An Act of Kindness
Reviewed – 7th February 2018
“a wholesome, honest and heart-felt depiction of the lives of London’s population of twenty-somethings”
It is a truth universally acknowledged, that when you take a ride on any mode of public transport in London you must avoid human interaction at all costs. You don’t make eye contact, and god forbid you find the bottom of your jacket swooping into another’s designated personal space, only to be followed by a chorus of tutting and sighing from those around you.
TfL spaces, whether you’re being squished on a packed rush hour Victoria Line train or stuck on a South West train in between stations waiting for an announcement for some inkling of information, are often filled with channelled frustration. These are the spaces where micro-aggressions overtake the notion of basic human interaction and communication. In a city of millions of individuals, 5 million of which take the tube on a daily basis, all with their own stories and experiences shaping their current being, it seems like a waste to actively ignore the rest of your city “community.”
Rascal Theatre’s debut play, An Act of Kindness, tackles a concept that every Londoner can relate to. Why does public transport in London turn us into anti-social robots, actively avoiding the slightest of interactions? Is there something we can learn by those with whom we share our daily, gruelling commute? Rascal aim to “keep the audience’s experience at the centre of the creative process [and to] make worlds that are recognisable and reflective of the society around us.” This is evidently clear in the play which is written by, and stars one of the company’s co-creators, Helena Westerman.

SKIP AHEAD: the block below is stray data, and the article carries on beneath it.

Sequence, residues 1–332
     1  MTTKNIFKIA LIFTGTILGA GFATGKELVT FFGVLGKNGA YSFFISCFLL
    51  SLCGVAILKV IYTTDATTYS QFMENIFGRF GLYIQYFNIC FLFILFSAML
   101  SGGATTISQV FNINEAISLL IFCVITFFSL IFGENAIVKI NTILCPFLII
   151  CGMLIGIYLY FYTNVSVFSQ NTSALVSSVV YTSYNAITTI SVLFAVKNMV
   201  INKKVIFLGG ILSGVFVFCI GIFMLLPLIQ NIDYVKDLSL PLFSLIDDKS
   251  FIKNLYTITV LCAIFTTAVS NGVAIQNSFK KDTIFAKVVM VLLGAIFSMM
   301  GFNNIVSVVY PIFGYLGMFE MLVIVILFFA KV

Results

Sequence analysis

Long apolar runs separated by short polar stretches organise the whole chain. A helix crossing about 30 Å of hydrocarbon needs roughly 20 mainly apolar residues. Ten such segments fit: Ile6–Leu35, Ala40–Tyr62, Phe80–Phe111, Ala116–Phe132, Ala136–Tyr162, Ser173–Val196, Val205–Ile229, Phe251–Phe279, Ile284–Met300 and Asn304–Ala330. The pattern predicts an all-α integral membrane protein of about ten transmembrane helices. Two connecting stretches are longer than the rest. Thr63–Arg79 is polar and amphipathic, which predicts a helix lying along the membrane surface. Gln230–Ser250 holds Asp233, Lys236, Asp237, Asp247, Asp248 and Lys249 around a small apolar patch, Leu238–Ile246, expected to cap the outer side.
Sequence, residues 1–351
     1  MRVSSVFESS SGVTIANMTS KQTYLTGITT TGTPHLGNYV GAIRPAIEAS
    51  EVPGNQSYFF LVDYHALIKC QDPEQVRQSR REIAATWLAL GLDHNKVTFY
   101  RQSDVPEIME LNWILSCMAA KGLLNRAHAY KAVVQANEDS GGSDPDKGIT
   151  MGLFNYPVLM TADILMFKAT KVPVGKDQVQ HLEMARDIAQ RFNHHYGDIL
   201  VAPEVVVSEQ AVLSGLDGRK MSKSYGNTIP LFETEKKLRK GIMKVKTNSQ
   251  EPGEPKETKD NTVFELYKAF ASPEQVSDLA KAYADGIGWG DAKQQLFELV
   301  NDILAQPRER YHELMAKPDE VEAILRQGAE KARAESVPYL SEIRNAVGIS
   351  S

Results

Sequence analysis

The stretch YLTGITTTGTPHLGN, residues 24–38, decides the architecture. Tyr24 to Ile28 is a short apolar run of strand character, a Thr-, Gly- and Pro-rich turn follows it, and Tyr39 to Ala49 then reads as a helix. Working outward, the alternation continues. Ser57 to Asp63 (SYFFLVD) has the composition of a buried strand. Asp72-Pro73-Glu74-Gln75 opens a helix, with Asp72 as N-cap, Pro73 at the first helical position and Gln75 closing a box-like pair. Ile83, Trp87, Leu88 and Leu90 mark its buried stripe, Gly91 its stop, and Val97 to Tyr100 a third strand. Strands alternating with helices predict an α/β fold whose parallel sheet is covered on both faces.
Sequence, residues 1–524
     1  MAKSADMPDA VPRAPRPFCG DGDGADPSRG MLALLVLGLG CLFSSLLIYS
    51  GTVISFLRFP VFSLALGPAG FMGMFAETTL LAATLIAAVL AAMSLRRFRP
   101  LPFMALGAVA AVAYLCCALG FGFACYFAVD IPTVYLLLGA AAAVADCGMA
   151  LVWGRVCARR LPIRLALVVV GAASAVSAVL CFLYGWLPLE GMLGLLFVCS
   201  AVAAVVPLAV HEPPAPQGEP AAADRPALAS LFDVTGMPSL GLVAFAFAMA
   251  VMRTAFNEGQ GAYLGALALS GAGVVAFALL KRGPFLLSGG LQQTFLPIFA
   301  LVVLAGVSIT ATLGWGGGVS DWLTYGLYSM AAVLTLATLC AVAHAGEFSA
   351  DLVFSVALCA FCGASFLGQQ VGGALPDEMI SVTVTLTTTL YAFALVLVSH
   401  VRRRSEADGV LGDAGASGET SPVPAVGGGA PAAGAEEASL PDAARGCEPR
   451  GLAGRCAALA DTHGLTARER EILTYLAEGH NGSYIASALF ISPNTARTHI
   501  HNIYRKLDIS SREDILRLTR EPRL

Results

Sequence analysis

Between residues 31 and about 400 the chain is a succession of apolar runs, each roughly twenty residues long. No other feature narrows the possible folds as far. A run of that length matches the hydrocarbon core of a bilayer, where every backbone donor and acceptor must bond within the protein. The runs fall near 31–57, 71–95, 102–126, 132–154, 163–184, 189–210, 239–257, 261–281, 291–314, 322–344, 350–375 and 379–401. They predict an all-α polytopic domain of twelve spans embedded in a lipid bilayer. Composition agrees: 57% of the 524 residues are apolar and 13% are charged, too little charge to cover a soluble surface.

It’s wildly refreshing to see a play not desperately trying to tackle enormously complicated global themes in the space of an hour, but rather focusing on something relatable and closer to home. The whole play is set at the same bus stop and acts as a reminder of the simplicity of the piece, which is most definitely part of its beauty. It is a simple story of two people who begin to shed their preconceptions of the ‘other’ figures in their lives that differentiate from those they usually associate with.
An Act of Kindness is a wholesome, honest and heart-felt depiction of the lives of London’s population of twenty-somethings as they struggle to find their place amongst the millions with whom they share this city. It acts as a reminder for us to be present in what may seem the less-important moments in your day, to be open and be interested in those around you as you never know who or what you might come across …
Reviewed by Claire Minnitt
Photography by Courtney Chapman
An Act of Kindness
Vaults Theatre until 11th February